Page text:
Review of Women in Renaissance and Early Modern Europe edited by Christine Meek (Four Courts Press, 2000)
Afterword of Widowhood and Visual Culture in Early Modern Europe
Introduction to Widowhood and Visual Culture in Early Modern Europe
Chapter 10 in Growing Old in Early Modern Europe: Cultural Representations
Chapter in Women and Portraits in Early Modern Europe: Gender, Agency and Identity
Ch. 13 of Widowhood and Visual Culture in Early Modern Europe
Syllabus for Western Civilization course on Medieval and Early Modern Europe taught at UCLA in Spring 2016.
Critical introduction by Molly M. Martin. Edited and translated by Molly M. Martin and Paola Ugolini. The Other Voice in Early Modern Europe. Toronto: Centre for Reformation and Renaissance Studies, 2014
The article focuses on the adaptation strategies used by Lope de Vega in his play El Gran Duque de Moscovia y emperador perseguido (1617). This tragedy, built on material acquired from travelogues, represents the first depiction of the Russian Time of Troubles in fiction. In it, one can follow Lope de Vega’s shift from preserving the factual details collected from different travel sources to creating his own Baroque story placed within a purely Catholic world, as opposed to reality. In doing this, Lope de Vega creates a fictional space filled with mystery and miracles, where Heavens can intervene and punish the guilty party, whereby restoring the original status quo. Key situations turn from illustrations of an alien world into much more general depictions, namely, that of a tyrant versus a legal monarch, and the will of a ruler versus the law. The shift into tyranny provides the story with a new narrative centre and, by following Lope de Vega’s emphasis on the “Muscovian story,” discloses its universal spirit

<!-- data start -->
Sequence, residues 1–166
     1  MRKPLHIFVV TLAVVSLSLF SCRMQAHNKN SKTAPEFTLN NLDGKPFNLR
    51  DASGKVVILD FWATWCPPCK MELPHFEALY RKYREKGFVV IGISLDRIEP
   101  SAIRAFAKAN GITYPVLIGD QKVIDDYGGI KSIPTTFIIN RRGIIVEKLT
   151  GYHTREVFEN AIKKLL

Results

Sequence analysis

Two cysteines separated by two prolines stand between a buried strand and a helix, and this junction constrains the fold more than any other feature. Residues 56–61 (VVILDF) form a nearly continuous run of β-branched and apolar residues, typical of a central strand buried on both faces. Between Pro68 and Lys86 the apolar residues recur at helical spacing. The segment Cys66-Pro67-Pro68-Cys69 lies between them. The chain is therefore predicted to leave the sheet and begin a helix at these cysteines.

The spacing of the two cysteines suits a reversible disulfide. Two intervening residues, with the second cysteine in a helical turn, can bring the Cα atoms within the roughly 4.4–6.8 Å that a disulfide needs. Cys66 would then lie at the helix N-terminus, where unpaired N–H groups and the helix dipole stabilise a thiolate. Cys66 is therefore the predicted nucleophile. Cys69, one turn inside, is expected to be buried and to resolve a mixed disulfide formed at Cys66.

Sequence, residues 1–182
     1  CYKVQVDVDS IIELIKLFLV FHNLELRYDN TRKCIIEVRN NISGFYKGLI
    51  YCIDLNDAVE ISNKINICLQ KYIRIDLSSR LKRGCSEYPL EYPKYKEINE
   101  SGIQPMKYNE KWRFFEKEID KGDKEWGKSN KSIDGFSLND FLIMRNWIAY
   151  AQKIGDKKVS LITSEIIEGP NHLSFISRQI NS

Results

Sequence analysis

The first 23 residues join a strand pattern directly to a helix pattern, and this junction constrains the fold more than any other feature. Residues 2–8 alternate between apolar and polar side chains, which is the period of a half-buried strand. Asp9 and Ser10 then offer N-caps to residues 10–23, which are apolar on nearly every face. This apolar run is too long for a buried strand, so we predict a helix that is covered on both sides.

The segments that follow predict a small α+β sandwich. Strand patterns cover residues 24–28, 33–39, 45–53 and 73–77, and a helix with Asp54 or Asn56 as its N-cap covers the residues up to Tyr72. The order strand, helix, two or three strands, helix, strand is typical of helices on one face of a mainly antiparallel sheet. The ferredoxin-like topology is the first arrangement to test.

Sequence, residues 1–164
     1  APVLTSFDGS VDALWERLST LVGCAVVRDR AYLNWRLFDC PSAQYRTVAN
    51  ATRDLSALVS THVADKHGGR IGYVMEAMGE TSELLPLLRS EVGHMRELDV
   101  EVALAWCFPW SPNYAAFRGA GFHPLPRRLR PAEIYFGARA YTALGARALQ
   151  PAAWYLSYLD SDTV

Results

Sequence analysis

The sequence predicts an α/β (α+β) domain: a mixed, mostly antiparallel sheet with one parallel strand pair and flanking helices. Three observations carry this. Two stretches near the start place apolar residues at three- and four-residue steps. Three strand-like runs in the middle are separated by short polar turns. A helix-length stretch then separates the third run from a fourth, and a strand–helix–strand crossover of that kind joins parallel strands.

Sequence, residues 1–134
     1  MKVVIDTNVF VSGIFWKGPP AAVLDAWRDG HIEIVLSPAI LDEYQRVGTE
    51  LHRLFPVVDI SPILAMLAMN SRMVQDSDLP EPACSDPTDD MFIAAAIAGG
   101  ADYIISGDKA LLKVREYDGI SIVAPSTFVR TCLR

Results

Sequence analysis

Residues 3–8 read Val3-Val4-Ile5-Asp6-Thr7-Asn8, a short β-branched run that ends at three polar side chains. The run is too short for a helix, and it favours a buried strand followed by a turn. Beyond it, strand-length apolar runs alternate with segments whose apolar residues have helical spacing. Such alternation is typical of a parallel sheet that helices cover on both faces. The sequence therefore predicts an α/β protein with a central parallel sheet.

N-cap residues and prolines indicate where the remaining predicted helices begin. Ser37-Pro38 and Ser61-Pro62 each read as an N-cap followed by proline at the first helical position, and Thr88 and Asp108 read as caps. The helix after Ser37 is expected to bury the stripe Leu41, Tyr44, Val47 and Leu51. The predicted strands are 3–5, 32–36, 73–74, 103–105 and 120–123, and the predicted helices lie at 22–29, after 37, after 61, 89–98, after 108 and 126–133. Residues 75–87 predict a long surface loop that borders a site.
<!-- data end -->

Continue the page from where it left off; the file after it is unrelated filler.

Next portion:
I am an early modern historian interested in the social and familial basis of politics, religion, and trade. I received a Ph.D. in European History from UCLA in 2015 and have taught courses on cultural and intellectual history of early modern Europe and the Atlantic. My research investigates the familial basis of the early modern capitalism through archival research on two mercantile families from Antwerp at the end of the sixteenth and beginning of the seventeenth century. I am currently working on a manuscript that argues for the significance of sibling relationships and inheritance in the development of early modern trade. My manuscript places concepts such as patriarchy, emotion, exile, and friendship at the heart of the efficacy of long-distance trade networks and the growth of capitalism.